``Using its normal methodology and its selected studies, EPA did not demonstrate a statistically significant association between ETS and lung cancer. This should have caused EPA to reevaluate the inference options used in establishing its plausibility theory. A risk assessment is supposed to entail the best judgment possible based upon the available evidence. [Legal citation omitted.] Instead, EPA changed its methodology to find a statistically significant association.'' (Page 81)
Following are additional excerpts from Judge Osteen's opinion:
``The record and EPA's explanation to the court make it clear that using standard methodology, EPA could not produce statistically significant results with its selected studies.'' (Page 77)
`` ... When an agency changes its methodology mid-stream, as EPA did here, it has an obligation to explain why.'' (Page 78)
``The studies EPA selected did not include a significant number of studies and data which demonstrated no association between ETS and cancer.'' (Page 80)
``In summary, Plaintiffs raise legitimate questions not addressed in the record regarding EPA's bioplausibility theory. If confronted by a representative committee that voiced industry concerns, EPA would likely have had to resolve these issues in the record. It is not clear whether EPA could have or can do so. These issues are more than periphery. If EPA's a priori hypothesis fails, EPA has no justification for manipulating the Agency's standard scientific methodology.'' (Page 65)
``Since Chapter 2 found ETS and MS [mainstream smoke] not sufficiently similar, Chapter 3 found them similar, and Chapter 6 found them dissimilar, EPA apparently used a different risk assessment methodology for each chapter .... The court is faced with the ugly possibility that EPA adopted a methodology for each chapter, without explanation, based on the outcome sought in that chapter. ... It is striking that MS and ETS were similar only where such a conclusion promoted finding ETS a carcinogen.'' (Pages 60 and 61)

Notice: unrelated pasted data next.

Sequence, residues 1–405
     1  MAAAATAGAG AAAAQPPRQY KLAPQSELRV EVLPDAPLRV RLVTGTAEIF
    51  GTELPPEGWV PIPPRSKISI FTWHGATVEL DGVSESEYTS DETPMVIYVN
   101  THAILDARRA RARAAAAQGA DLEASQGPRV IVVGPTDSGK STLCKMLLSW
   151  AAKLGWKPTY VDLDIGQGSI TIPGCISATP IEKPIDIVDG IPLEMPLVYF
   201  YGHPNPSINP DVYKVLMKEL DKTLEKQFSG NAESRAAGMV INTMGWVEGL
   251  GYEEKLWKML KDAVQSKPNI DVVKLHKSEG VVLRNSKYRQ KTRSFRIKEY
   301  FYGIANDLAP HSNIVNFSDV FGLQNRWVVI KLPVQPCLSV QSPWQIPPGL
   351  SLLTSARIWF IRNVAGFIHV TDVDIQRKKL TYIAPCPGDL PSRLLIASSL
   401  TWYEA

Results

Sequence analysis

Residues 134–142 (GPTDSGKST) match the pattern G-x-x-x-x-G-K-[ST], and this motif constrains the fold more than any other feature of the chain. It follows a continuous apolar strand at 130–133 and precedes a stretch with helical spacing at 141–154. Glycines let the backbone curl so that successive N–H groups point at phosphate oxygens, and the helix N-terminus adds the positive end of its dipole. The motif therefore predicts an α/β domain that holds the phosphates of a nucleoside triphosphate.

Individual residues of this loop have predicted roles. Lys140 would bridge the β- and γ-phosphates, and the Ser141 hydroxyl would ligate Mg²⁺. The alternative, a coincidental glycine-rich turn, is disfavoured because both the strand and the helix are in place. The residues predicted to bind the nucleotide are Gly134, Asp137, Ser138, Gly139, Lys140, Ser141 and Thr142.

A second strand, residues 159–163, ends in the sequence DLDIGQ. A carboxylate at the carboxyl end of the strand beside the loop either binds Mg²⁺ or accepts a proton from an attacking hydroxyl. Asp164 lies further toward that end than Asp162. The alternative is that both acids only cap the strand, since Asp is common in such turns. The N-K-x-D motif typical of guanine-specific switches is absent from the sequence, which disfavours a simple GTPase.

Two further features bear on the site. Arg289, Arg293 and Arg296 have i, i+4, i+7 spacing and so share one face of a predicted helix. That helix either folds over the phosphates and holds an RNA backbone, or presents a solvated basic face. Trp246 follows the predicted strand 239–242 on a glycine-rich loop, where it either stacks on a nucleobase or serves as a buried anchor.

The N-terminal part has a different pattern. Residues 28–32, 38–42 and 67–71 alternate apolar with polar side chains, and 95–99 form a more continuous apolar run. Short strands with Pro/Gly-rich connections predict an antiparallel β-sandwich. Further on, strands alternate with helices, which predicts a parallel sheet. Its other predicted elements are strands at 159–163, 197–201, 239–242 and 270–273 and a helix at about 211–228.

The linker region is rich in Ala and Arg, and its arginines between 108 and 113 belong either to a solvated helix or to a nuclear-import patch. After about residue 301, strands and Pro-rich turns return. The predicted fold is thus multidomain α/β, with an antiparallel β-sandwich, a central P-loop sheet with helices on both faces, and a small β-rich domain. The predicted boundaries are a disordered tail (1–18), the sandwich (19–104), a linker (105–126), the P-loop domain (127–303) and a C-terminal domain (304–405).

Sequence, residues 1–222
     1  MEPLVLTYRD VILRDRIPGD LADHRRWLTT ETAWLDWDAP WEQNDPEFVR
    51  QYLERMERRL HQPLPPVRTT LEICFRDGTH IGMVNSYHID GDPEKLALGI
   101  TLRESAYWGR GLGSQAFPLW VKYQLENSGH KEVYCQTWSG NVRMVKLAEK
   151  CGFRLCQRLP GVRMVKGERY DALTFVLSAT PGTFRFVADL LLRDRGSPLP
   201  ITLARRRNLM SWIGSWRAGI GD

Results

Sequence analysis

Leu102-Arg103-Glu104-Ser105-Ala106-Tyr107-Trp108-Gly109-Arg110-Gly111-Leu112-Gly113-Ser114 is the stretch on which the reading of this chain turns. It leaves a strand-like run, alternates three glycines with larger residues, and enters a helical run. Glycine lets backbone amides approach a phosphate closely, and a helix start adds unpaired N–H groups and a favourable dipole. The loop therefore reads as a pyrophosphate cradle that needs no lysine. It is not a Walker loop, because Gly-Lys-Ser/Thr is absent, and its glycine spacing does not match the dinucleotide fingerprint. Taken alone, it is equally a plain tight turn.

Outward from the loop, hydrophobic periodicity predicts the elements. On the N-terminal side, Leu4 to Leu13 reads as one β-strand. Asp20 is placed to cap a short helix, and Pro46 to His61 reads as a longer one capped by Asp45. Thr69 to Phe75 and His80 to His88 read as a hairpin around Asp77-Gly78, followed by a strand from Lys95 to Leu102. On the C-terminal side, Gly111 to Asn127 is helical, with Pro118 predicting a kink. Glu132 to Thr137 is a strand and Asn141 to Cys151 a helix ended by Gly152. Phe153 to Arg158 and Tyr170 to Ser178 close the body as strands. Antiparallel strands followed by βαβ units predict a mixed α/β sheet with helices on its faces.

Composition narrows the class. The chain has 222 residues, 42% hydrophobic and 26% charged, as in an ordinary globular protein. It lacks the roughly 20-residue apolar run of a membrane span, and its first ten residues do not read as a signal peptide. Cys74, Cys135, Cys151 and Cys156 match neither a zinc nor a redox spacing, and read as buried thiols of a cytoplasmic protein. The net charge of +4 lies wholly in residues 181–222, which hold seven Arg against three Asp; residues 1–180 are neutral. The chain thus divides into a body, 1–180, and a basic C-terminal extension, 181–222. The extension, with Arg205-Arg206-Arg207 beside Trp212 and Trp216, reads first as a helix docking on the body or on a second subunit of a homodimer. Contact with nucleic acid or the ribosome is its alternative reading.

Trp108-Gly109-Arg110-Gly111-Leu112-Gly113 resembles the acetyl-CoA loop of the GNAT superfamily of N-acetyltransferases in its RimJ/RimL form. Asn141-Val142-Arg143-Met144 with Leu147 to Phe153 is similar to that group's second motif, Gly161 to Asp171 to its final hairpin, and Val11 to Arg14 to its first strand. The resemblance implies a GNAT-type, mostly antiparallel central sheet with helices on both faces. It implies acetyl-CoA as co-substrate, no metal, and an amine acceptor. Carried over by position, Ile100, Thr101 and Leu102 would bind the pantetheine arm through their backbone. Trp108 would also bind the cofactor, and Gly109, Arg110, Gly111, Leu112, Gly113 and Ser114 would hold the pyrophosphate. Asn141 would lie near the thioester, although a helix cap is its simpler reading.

``EPA's study selection is disturbing. First, there is evidence in the record supporting the accusation that EPA 'cherry picked' its data. Without criteria for pooling studies into a meta-analysis, the court cannot determine whether the exclusion of studies likely to disprove EPA's a priori hypothesis was coincidence or intentional. Second, EPA's excluding nearly half of the available studies directly conflicts with EPA's purported purpose for analyzing the epidemiological studies and conflicts with EPA's Risk Assessment Guidelines .... Third, EPA's selective use of data conflicts with the Radon Research Act .... In conducting a risk assessment under the Act, EPA deliberately refused to assess information on all aspects of indoor air quality.'' (Page 72)
``Finally, when an agency conducts activities under an act authorizing information collection and dissemination of findings, the agency has a duty to disseminate the findings made. EPA did not disclose in the record or in the Assessment: its inability to demonstrate a statistically significant relationship under normal methodology; the reasoning behind adopting a one-tailed test, or that only after adjusting the Agency's methodology could a weak relative risk be demonstrated. Instead of disclosing information, the Agency withheld significant portions of its findings and reasoning in striving to confirm its a priori hypothesis.'' (Pages 78 & 79)
SOURCE: R.J. Reynolds Tobacco Co.